Scottish and English debt laws are different, so if you are a Scottish resident and have questions on debt, then this is the place to post.

Moderators: TalbotWoods, JaneClack

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By TalbotWoods
#191489 THIS APPLIES TO SCOTLAND ONLY

A debtor who wishes to make themselves bankrupt no longer has to go to court. All debtor applications must be sent to and decided by the Accountant in Bankruptcy.

A debtor must owe a minimum of £1,500 before they can apply for their own bankruptcy. If a creditor wishes to make a debtor bankrupt they must show to the court that the debtor owes a minimum of £3,000.

The Court of Session no longer awards or recalls bankruptcies. All creditor petitions and recalls must be submitted to sheriff courts.

A sheriff will be allowed to delay their decision on a creditor's petition for bankruptcy to give a debtor time to agree a payment plan that will remove the need for them to be made bankrupt.

A new route into bankruptcy has been introduced for people on low income who do not own property and have very little in savings or other assets. This is known as Low Income Low Assets (LILA).

The period of a debtor's bankruptcy has been reduced from three years to one. However, this can be extended if someone does not co-operate with their trustee or misbehaves whilst bankrupt. The trustee, as under the previous rules, does not get their discharge until the administration of the case is complete.

If a debtor does not co-operate with their trustee or misbehaves before and/or during their bankruptcy, they may be made subject to a Bankruptcy Restriction Order or a Bankruptcy Restriction Undertaking (BRO/BRUs). BRO/BRUs apply restrictions to a debtor's credit and work activities for between 2 and 15 years after the BRO/BRU is granted. Details of a debtor's BRO/BRU will be recorded on the Register of Insolvencies.

The process for obtaining contributions from a debtor's income during their bankruptcy has been formalised with the introduction of new Income Payment Agreements and Orders (IPA/IPOs). Agreements and orders will normally last for three years from the signing of the IPA/IPO.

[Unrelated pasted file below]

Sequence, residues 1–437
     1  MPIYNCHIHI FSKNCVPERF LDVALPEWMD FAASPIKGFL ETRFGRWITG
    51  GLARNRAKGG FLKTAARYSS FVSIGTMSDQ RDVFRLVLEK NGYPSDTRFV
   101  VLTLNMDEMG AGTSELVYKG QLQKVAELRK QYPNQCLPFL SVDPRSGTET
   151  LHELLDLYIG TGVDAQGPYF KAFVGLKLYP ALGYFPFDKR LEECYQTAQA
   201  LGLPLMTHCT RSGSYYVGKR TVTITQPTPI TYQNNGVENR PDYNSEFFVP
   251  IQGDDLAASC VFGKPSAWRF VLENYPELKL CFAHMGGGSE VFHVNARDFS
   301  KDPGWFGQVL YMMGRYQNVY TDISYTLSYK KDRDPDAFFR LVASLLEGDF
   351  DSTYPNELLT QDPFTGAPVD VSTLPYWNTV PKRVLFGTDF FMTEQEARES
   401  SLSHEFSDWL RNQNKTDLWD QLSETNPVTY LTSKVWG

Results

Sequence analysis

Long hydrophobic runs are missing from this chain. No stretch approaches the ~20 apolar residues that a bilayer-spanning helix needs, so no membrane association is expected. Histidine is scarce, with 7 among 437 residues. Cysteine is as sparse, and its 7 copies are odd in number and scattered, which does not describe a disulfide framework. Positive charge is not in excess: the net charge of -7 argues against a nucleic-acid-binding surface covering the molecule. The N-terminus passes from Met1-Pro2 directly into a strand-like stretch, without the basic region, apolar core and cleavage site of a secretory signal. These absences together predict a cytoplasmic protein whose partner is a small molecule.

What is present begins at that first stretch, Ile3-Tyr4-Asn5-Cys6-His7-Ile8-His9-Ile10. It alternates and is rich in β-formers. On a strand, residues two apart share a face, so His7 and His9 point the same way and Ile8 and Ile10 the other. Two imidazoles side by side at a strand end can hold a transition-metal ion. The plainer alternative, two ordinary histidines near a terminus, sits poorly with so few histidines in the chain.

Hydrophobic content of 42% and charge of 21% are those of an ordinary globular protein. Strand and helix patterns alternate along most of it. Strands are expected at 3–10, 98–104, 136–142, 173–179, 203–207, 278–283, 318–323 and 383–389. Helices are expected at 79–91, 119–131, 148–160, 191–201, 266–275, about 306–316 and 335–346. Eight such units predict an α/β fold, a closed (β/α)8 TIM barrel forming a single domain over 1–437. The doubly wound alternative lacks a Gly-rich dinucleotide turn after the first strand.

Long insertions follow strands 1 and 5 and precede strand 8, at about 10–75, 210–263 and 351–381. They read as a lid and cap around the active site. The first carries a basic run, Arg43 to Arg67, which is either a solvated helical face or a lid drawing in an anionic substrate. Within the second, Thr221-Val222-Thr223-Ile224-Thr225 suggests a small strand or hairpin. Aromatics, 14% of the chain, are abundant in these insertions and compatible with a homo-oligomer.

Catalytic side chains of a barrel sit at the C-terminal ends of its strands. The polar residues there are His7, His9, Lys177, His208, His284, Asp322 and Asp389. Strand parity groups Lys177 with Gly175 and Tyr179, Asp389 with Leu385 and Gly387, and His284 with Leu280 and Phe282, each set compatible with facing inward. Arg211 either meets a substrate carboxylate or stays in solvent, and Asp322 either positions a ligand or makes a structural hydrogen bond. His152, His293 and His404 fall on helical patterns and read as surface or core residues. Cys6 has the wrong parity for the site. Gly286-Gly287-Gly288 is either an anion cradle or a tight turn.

Student loans will not be written off through bankruptcy.

A debtor will only be allowed to appeal the amounts declared in the accounts of their trustee if they can demonstrate they will gain financially from the outcome of the appeal.

There are also changes to the responsibilities of the interim trustee and trustee appointed to administer the debtors' financial affairs before and during bankruptcy.

For further information please go to http://www.aib.gov.uk/guidance/publicat ... ostapril08

Tim
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By TalbotWoods
#191492 Would members of the forum, who wish to know more about these changes, please refer to and read the information on the Accounts in Bankruptcy site FIRST.

This is a completely new set of laws, which will take time for the 'learned' advisers on here to get to grips with.

However, if after you have read the AIB information you have questions, please feel free to ask them in the Scotland Section, but allow the advisers times to answer as they may need to seek guidance themselves before giving you an answer.

The link to the AIB site is:

http://www.aib.gov.uk/

Tim
By squeek2211
#243035 I was under the impression that your BR ran for 1 year when you were discharged by AIB but you could possibly be asked to make payments towards it for three years, is that not the case now? Certainly on my letter I am to be discharged a year after becoming BR, can you advise me?
By squeek2211
#243045 I think I may have misunderstood the question, should have read it better! but I found the answer to mine, I started to panic thinking it lasted for 3 years!

If a debtor applies for their own bankruptcy, they will normally be discharged one year after the date the bankruptcy was awarded. If a creditor petitioned for the bankruptcy, discharge will be one year after the date that the court issued the warrant citing the debtor to appear at a hearing. However, if a debtor does not co-operate with the trustee, the trustee can ask the sheriff to delay the discharge by up to two years at a time.

The debtor will not be formally notified that the bankruptcy has been discharged. However they can, if they wish, ask the Accountant in Bankruptcy for a certificate of discharge. There will normally be a charge for this.

Even though a debtor has been discharged, the bankruptcy will not be finished until the trustee has done everything they need to, and they are discharged from their duties. The debtor must co-operate with the trustee until the trustee is discharged.

The debtor will be notified of the trustee's application for discharge.
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By TalbotWoods
#243075 Not quite Squeek, tetleypish was bankrupt under the OLD rules, not the current rules, so the term for his bankruptcy was three years (Old Rules) and yours is one year (New Rules)

So if you had entered into bankruptcy prior to 1st April 2008 (Say 31st March 2008), then you would not have been discharged until 31st March 2011. If you entered into bankruptcy post 1st April 2008, (Say 2nd April 2008) you would have been discharged 2nd April 2009.

Tim